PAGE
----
A history of violins

Posted on 28 May 2009 at 10:25am
By Arnold Wayne Jones Life+Style Editor

How Resounding Harmony enlisted art students at an elementary school to help their classmates make beautiful music together


FIDDLING AROUND: DISD art teacher Anthony Newlin and Resounding Harmony artistic director Tim Seelig teamed up to raise money for an after-school music program by getting elementary students to decorate old violins. TERRY THOMPSON/Dallas Voice

When Resounding Harmony was formed last year, its mission — to donate every penny of profit to a local charity — seemed like an easy one. There’s a lot of need out there, and finding worthy beneficiaries would be a snap.

Only it wasn’t.

"We knew we were going to do the North Texas Food Bank in the fall, but who should we give our money to in the spring?" recalls Dr. Timothy Seelig, the founding artistic director of the new mixed male/female chorus. Doing the most good with their contribution was a priority — but how to decide?

And then Seelig thought of Rogene Russell and the Fine Arts Chamber Players, which has a reputation "for doing the most for music for children with the least amount of money." Seelig had known Russell — an oboist with the Dallas Opera orchestra and the Fort Worth Symphony — for decades. Seelig called her to ask if she had any projects that needed help.

That’s how Resounding Harmony discovered Lowe Elementary School.

Although a new facility — it was built only three years ago — Lowe warehouses more than 800 underserved students, mostly Hispanic, grades K through 5. The entire school claims only one music teacher and one art teacher. If ever there was a need, it was here.

Russell discovered how deep a need when she brought a string quartet to an assembly, and offered to sign up for after-school instruction any students who were interested in learning to play the violin. She left with 147 names.

And no violins.

"Rogene made practice violins with cardboard and yard sticks so they could learn what frets were," Seelig says. Eventually, they found enough violins so that the 5th graders were able to share. But they still needed more.

While Seelig was at the school, he was escorted into the art classroom and was immediate struck by the creativity and style around him. "I knew it had to be some queen who did this," he says with a wink.

Enter Anthony Newlin. Newlin, a nine-year veteran of Texas schools, had arrived at Lowe last fall and quickly set up an after-school art club. Seelig proposed an idea: Would Newlin have his students decorate old, irreparable violins which Resounding Harmony could then auction off to buy new violins for the students?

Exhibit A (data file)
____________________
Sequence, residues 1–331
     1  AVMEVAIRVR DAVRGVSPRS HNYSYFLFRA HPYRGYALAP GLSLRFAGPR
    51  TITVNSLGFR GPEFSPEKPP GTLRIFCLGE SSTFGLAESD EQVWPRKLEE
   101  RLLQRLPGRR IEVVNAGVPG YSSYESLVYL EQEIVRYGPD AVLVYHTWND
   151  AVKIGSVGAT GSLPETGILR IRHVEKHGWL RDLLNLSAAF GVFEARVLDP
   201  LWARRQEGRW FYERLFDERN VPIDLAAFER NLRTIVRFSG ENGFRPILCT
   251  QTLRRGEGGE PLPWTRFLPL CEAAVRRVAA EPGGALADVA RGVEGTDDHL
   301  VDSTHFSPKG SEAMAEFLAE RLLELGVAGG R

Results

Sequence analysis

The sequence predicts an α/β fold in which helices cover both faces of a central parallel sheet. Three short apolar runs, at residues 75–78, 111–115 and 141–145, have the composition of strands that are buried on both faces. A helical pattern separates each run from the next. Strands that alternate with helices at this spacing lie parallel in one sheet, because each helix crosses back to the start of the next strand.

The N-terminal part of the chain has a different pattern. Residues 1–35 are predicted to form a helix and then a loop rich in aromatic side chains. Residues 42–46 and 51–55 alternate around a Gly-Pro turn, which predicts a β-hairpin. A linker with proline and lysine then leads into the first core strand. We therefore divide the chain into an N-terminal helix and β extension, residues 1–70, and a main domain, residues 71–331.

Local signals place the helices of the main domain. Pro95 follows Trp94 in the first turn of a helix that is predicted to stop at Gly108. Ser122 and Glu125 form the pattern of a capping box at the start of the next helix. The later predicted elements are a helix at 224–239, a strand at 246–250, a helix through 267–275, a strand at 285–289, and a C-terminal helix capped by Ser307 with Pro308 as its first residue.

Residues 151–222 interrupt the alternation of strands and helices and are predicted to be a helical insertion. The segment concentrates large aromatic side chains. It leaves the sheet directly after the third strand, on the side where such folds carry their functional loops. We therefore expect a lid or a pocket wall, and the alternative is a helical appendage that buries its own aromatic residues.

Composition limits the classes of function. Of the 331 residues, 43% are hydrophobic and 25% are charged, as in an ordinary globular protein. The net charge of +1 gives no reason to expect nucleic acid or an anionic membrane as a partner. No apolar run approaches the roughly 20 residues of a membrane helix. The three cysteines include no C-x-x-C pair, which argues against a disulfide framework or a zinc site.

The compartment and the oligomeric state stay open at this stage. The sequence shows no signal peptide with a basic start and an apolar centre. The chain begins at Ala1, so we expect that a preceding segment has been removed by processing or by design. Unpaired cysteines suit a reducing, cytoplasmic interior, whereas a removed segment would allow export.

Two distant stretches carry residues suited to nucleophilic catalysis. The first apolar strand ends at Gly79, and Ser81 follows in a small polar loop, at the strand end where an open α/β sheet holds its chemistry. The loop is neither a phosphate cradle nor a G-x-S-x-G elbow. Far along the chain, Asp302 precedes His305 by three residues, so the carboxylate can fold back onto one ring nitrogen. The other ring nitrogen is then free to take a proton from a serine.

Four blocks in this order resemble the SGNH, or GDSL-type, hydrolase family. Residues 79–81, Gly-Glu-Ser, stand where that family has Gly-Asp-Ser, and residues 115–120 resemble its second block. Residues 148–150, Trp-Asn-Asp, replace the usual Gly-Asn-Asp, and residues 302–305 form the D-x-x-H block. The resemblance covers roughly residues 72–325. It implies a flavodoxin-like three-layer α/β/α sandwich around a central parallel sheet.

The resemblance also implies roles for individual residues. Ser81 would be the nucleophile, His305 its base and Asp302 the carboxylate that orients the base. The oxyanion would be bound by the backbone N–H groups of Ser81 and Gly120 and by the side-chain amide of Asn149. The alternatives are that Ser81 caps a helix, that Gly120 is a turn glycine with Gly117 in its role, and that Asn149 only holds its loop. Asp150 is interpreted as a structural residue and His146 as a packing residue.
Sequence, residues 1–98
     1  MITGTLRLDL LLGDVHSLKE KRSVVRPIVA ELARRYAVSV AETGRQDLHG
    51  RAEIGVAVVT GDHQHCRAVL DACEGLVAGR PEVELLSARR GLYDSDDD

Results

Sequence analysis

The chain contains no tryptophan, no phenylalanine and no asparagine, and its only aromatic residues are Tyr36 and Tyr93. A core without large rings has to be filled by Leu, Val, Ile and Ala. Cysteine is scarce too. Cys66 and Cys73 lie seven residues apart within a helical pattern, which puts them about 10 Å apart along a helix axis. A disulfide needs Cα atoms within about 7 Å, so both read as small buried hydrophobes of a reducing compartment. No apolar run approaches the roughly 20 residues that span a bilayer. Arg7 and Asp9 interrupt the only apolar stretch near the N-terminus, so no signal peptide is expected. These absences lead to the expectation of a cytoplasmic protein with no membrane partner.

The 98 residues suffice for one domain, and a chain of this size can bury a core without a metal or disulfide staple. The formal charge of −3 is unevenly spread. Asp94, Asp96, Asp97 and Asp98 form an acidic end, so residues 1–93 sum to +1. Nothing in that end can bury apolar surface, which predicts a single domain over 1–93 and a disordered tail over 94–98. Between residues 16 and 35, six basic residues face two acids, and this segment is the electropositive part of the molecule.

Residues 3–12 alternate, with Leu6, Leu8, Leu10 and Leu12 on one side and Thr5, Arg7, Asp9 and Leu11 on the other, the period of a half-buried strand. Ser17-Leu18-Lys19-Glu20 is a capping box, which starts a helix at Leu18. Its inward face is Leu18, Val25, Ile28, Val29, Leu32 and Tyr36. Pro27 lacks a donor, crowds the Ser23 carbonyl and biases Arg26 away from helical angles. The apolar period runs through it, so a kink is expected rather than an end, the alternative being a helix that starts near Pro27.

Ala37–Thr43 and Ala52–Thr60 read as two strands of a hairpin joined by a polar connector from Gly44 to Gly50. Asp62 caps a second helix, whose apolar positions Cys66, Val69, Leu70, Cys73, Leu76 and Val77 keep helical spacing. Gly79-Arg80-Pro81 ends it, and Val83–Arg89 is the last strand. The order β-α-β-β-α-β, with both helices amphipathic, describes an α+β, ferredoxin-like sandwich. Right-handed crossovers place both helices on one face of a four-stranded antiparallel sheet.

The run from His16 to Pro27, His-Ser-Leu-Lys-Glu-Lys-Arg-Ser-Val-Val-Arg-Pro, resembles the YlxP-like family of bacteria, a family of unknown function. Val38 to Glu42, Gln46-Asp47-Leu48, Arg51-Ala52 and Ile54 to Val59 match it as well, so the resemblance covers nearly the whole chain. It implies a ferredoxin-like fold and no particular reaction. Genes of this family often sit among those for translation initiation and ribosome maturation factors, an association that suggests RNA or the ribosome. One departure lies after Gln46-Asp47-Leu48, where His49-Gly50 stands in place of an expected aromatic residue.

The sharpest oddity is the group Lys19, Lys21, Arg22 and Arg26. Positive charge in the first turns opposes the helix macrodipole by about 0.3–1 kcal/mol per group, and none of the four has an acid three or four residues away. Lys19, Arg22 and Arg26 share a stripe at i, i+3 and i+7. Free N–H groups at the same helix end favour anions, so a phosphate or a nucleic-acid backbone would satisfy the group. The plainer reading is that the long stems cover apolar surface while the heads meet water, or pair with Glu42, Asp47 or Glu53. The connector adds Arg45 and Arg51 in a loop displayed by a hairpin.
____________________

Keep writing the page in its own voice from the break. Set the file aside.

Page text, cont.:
The suggestion was sort of radical: One department (art) doing the work to raise money for another department (music). Still, Newlin jumped at it.

"When I first told them we were doing this, they were very concerned that we would be ruining the violins — some are music students as well. I had to explain, no, they are beyond their useful life," Newlin says.

But in fact, finding even cracked, 20-year-old fiddles in pawn shops and attics turned out to be a huge task — until Newlin suggested they contact the DISD’s storage facility for musical instruments.

"They took me into the bowels of this warehouse and gave me 12 unplayable violins" to add to the two Seelig was able to acquire. That’s when Newlin’s group stepped in.

"There was one more violin than there were students, but the little sister of one of them" chipped in, Newlin says. All 14 were decorated as a creative project for the kids.

"Since we only meet once a week, it took several weeks. We started out with the kids tracing the violin on a piece of paper and sketching out a rough draft. We discussed the colors and how to make it presentationally appealing," Newlin says.

The design was just an idea — Newlin encouraged the students to explore their creative processes: "I was able to step back and become more of a cheerleader. I think they surprised themselves a lot of times to take it from a traced sketch on a piece of paper and see the final product."

Some of the students were initially confused by the idea that their art would be auctioned off — some thought they would personally get the money from the sale. Instead, they have all been offered tickets to one of Resounding Harmony’s two concerts this weekend, and will get to see their art on display. (The ex of one of Resounding Harmony’s singers, a professional framer, volunteered his labor if the chorus paid for materials.)

Seelig hopes the auctioned fiddles will raise enough money to buy several dozen violins for Lowe Elementary (a student violin costs only about $100). But he’s most gratified at how art and music were incorporated into the lives of inner city youth.

"These kids will never forget painting a violin and seeing it framed and sold," he says. And hopefully that will give them a lifetime love of all arts.

MUSIC WITH A MISSION
"We Are," Resounding Harmony’s charity "musical journey" from childhood to
adulthood, takes place at Caruth Auditorium on the SMU campus,
May 30 and 31 at 7:30 p.m. $25. Resoundingharmony.org.

This article appeared in the Dallas Voice print edition May 29, 2009.

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